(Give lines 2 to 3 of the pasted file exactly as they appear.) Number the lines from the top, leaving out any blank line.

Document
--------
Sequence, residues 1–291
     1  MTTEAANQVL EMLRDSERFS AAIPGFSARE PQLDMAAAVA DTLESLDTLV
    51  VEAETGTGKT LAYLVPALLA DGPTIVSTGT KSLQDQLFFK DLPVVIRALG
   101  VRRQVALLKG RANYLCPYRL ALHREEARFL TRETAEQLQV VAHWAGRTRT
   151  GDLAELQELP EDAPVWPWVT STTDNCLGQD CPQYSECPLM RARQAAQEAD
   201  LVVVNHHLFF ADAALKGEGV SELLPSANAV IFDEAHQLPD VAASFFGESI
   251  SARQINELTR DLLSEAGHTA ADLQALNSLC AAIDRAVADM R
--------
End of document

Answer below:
     1  MTTEAANQVL EMLRDSERFS AAIPGFSARE PQLDMAAAVA DTLESLDTLV
    51  VEAETGTGKT LAYLVPALLA DGPTIVSTGT KSLQDQLFFK DLPVVIRALG